Genii Weblog

Civility in critiquing the ideas of others is no vice. Rudeness in defending your own ideas is no virtue.

Thu 28 Jan 2010, 08:54 AM
I am not a hardware geek.  Hardware and I repel each other, and always have.  I am also not an Apple fan (although not an Apple hater either  -- as I tend to say, I eat Macintosh apples).  But I have been known to have opinions even about those things that I do not know well.

So, my gut level response is to compare Microsoft with Apple.  Microsoft mostly releases new versions or new generations of software all still aimed at the same audience.  Windows 7 competes with Windows Vista which competes with Windows XP/2000.  Office 2010 competes with Office 2007 which competes with Office 2003.  On the business end, mail in a cloud competes with mail on a server which competes with earlier mail on a server.  Partly due to market dominance and partly due to company attitude, Microsoft is trying to satisfy and retain an audience,

Apple is a hardware/software/content blend rather than a software pure company, and it has larger competitors for its markets , but those only partly explain the difference in approach.  Apple tends to create new products to overlap and enlarge the audience. 

The iPhone had the advantages of the iPod with an integrated smart phone capability.  It appealed to people who wanted the coolest smart phone, and it opened up a market to a wide array of exclusive iPhone apps, but it also removed the need for an iPod for those people who wanted fewer devices to carry about.  It was aimed at the power users and geeks and business professionals who might not need quite the corporate Blackberry.  For example, many of my geek friends.  

The IPod Touch was introduced later to expand that to include pre-teens as well as, teens and adults who already had phones with cheaper plans.  For example, my 14 year-old son.  

The iPad was introduced to fill the need for those who didn't care about throwing the device in a pocket, but were intrigued by a) the "I have an app for that" mentality, b) the larger screen for older eyes, c) the use instead of a Kindle or other eBook reader, and d) the use instead of those small, inexpensive laptops (netbooks?  I'm not a hardware guy) that are springing up on planes and such.  So, less mobile, bigger screen for older eyes, use as eBook reader, use for simpler tasks while traveling.  For example, me.  

I can only conclude that Apple has actually built a device to appeal to me (and millions like me or with some of my characteristics).  And you know what, besides the dumb name, they've done pretty well.  I have seen no demos, read few articles and blogs, didn't watch the Steve Jobsarama, and yet:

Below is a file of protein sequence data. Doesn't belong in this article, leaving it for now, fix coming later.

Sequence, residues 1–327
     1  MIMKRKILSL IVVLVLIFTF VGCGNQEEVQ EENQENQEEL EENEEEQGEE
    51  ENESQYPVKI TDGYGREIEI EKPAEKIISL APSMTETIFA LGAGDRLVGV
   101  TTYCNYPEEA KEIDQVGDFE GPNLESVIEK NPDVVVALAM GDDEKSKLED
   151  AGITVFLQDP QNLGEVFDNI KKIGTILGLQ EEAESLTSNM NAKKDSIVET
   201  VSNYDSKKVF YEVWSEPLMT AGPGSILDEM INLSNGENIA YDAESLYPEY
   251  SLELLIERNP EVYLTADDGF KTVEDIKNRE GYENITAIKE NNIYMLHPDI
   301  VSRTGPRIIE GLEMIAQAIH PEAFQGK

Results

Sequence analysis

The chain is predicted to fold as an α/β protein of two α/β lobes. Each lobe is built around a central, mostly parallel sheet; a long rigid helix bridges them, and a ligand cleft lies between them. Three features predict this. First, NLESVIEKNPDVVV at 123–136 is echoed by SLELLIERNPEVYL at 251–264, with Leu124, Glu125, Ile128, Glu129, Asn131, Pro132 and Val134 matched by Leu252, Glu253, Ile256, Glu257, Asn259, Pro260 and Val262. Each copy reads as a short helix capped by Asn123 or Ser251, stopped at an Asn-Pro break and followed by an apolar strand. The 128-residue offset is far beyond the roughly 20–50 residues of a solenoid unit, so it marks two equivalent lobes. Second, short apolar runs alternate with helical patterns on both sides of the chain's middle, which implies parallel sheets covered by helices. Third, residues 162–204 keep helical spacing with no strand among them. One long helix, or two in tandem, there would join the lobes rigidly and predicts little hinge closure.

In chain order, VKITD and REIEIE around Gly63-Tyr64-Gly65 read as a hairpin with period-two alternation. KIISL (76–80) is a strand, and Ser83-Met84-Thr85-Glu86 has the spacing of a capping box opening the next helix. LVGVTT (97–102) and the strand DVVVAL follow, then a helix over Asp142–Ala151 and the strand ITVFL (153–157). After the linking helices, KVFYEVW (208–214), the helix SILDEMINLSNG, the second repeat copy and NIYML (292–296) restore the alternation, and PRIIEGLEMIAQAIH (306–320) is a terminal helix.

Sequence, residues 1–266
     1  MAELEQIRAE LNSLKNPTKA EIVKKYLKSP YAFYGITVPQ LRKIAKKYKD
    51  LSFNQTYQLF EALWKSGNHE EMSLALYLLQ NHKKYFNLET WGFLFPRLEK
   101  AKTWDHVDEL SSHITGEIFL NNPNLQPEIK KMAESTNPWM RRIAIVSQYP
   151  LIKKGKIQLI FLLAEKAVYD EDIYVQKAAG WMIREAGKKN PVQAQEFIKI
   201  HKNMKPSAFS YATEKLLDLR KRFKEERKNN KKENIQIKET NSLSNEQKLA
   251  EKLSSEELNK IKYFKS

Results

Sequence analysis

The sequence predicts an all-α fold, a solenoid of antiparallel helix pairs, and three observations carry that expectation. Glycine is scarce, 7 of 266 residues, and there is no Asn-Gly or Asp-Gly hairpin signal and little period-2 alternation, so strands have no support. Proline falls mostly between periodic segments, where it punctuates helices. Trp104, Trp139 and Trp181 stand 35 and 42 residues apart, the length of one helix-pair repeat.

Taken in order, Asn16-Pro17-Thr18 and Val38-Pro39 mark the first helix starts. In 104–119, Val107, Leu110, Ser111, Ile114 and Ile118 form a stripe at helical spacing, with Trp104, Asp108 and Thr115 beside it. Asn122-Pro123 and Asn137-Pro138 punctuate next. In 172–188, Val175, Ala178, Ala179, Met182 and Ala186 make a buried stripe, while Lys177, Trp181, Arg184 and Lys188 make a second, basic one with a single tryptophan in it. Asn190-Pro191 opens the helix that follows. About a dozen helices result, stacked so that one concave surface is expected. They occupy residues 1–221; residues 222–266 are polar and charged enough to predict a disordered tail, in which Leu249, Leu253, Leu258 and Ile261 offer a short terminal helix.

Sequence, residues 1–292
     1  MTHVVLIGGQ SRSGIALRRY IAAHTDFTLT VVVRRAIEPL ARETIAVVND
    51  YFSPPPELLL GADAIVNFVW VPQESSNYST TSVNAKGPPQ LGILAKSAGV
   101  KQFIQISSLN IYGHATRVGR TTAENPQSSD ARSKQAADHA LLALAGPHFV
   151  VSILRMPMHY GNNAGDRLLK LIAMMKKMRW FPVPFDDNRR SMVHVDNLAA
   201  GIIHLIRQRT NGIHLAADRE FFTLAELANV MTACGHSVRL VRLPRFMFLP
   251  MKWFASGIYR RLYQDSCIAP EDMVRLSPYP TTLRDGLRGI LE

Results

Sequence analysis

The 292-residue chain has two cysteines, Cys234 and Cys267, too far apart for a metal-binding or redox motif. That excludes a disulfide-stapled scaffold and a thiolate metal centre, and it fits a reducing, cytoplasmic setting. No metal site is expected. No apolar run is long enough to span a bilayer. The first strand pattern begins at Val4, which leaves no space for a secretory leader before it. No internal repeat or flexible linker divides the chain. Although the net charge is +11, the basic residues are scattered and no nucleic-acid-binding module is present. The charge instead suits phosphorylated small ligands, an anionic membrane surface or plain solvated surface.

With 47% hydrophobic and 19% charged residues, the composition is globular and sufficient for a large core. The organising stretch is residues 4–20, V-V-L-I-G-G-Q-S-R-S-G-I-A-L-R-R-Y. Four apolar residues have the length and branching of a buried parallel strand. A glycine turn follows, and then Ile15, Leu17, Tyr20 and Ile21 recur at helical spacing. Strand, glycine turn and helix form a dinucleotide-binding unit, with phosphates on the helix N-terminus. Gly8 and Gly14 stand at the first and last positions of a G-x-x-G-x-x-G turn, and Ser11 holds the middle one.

a) I am intrigued by the apps now available on my sons iPod Touch, and can see myself using some of them;

b) I have been turned off by the iPod Touch because of its small screen, but find this interesting;

c) I have been pricing Kindles and such, since more of my published stories are coming out in eBook formats; and

d) I have been finding out more about those mini laptops on the plane, because the damn seats are too small, and I could type on those but not on my big laptop.

I could get all those needs in one place with a sexy interface?  You know, I just might spring for one of those iPads, and that is spoken as a person who has never bought an MP3 player, a smart phone or anything of the kind.  I think Apple may just have succeeded in expanding that audience base.

Copyright 2010 Genii Software Ltd.


Wed 27 Jan 2010, 08:16 AM
College English classes spend lots of time analyzing works that the authors may or may not have wanted analyzed.  I generally hated the exercise, but often wondered what the authors would have felt at hearing the conclusions drawn.

Well, today I got a taste of it.  An on-line literary magazine called The Foundling Review posted a poem of mine, Another Badger, More or Less (one of my favorite poems, actually).  Each week, they post two stories and two poems.  It turns out that every once in a while, they ask a prominent writer or editor to critique that week's issue.  They did this for the current week, so Miriam Kotzin, professor, author and editor, gives her critique of the two stories and two poems, including mine.